Examples

 

The 2011-12 MS students pictured above were engaged in internships that spread from New England to Florida, across to California, and back up to Washington State. Read about their internship experiences and research projects below.

From L to R are: Chrissie Chater, Becca Shelton, Ryan Knowles, Jackie O’Mara, Sarah Mutter, and Sammi Ocher. (Pictured just before leaving Friday Harbor for their internships.)

Chrissie Chater: My internship mainly took place at the New England Aquarium, where I conducted an independent research project on lobsters designed to determine if a lobster’s ability to distinguish a predator cue was inherent or a learned trait. This question is extremely important to the science community because this can help determine if lobster hatcheries have the ability to release their lobsters into the wild in order to sustain their population numbers. With sustainability being one of the biggest topics in research and fisheries, this seemed like an interesting direction to take my project.

The specific goal was to determine if lobsters have the ability to distinguish predator cues innately or if this is a learned trait. I used both wild and hatchery-reared lobsters and Green and Jonah crabs as their predators. My results consistently showed a lack of fear towards those particular predators. This data could ultimately change how scientists conduct field or laboratory experiments because Jonah and Green crabs should no longer be considered an enemy that will elicit a fear response in lobsters. I intend to publish this data with my advisers in the following months after my graduation.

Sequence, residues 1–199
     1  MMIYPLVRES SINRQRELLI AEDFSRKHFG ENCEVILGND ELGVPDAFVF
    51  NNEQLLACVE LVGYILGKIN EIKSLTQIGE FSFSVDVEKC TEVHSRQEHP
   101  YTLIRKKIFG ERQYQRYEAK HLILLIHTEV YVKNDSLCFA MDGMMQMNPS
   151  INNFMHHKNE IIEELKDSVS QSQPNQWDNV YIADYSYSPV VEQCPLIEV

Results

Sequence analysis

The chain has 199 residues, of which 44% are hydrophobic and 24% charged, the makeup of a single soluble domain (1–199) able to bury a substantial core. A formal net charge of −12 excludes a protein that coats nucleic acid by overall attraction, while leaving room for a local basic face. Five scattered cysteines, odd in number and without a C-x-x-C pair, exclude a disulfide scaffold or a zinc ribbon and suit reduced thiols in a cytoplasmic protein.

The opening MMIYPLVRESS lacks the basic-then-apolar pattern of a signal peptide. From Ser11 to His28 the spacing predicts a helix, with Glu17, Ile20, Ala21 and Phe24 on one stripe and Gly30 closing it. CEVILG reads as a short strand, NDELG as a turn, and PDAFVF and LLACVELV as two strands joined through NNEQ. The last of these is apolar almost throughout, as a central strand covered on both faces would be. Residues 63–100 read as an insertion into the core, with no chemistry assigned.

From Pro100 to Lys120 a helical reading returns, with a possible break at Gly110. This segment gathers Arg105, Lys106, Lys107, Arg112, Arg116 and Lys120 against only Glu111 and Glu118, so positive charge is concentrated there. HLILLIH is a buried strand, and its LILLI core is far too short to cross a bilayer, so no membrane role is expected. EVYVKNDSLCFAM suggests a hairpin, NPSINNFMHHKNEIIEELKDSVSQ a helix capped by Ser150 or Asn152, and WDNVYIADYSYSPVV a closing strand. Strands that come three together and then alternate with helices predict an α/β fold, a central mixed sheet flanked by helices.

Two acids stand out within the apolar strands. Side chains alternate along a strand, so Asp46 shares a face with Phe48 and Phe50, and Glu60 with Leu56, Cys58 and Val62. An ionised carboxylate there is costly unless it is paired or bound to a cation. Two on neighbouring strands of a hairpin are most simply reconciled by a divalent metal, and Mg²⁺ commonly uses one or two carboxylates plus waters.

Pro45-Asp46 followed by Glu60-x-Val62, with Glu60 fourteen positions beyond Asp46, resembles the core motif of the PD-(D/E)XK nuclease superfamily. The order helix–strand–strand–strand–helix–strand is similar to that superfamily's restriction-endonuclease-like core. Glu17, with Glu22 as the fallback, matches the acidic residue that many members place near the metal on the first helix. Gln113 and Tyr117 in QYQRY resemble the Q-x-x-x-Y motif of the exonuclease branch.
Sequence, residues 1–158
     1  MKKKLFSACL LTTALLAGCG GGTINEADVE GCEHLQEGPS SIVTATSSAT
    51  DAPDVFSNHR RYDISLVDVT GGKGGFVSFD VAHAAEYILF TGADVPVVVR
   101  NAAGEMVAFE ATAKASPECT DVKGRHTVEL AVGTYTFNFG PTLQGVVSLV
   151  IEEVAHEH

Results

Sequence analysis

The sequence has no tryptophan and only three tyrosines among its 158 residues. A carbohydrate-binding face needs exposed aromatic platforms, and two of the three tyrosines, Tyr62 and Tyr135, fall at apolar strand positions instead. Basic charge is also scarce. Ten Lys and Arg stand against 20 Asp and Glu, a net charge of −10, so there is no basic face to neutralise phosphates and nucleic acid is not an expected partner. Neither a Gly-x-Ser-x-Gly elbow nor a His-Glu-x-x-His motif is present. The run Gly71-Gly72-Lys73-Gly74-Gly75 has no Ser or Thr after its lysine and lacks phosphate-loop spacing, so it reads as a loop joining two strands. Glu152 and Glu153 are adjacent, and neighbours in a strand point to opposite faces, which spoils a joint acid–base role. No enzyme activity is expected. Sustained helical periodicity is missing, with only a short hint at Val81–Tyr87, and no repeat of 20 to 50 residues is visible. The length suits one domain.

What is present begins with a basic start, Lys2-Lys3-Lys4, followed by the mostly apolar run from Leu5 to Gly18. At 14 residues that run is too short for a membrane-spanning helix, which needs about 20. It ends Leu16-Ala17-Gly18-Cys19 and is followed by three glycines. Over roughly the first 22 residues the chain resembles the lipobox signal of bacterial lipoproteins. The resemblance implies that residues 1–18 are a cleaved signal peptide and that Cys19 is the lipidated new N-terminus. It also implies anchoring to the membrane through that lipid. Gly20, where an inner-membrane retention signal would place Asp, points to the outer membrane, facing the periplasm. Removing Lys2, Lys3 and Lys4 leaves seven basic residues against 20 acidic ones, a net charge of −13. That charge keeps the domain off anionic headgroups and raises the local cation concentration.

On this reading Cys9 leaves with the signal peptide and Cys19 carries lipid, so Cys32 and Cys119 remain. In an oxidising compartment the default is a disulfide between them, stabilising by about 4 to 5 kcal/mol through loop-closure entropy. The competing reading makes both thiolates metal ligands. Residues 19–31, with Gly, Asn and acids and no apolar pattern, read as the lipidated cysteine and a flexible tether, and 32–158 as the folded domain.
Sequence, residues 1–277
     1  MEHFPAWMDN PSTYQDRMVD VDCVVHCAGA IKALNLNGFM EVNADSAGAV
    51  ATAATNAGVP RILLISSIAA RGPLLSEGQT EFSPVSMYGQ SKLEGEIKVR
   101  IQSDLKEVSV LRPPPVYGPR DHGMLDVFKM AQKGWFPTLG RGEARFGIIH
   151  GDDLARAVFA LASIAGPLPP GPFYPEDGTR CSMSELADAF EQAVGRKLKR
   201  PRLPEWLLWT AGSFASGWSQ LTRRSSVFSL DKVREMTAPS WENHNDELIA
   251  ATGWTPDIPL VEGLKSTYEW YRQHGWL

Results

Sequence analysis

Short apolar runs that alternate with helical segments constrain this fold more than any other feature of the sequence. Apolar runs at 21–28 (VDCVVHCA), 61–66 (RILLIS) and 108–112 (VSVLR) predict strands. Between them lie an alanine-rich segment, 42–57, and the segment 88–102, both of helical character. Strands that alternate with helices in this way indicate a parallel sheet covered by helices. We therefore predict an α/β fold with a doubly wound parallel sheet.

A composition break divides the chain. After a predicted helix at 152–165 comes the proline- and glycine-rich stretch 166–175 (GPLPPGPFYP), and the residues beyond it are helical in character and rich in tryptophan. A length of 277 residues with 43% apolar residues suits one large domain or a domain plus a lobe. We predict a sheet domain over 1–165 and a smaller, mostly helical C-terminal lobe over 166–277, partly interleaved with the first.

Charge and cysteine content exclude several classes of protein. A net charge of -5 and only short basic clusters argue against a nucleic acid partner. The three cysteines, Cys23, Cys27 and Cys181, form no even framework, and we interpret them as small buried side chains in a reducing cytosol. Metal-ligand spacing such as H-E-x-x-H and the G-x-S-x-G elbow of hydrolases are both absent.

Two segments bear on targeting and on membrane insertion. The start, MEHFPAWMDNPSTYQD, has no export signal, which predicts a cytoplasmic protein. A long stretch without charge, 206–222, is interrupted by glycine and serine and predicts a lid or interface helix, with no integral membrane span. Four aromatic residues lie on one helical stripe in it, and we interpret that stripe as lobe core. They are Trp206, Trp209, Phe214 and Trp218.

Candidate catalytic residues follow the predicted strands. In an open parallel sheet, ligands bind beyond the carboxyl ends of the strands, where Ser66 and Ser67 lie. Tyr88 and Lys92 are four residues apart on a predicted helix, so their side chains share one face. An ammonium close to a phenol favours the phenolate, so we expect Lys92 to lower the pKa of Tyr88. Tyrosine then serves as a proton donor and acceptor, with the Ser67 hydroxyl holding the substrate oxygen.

Becca Shelton:  I was privileged to join the R.J. Dunlap Marine Conservation Program at the University of Miami. As an intern in Neil Hammershlag’s lab, I participated in his lab’s shark research as well as conduct my own research project. I joined the lab on shark trips where different groups get a chance to participate in shark research. It’s a great way for the public to be involved with shark conservation and all of the data collected from the sharks will further our understanding of not only the sharks preference of habitat but also the ideal environmental conditions.

For my experiment, I am working on a non-consumptive effects study, or how predator presence without consumption affects prey, by examining predator-prey interactions between Florida’s local bonnethead sharks and blue crabs. Specifically, I am testing for changes to foraging, morphology, physiology and cannibalism when a predator present vs. absent. From this experiment, we are hoping to better understand the role that sharks play in the ecosystem as a regulator of prey behavior.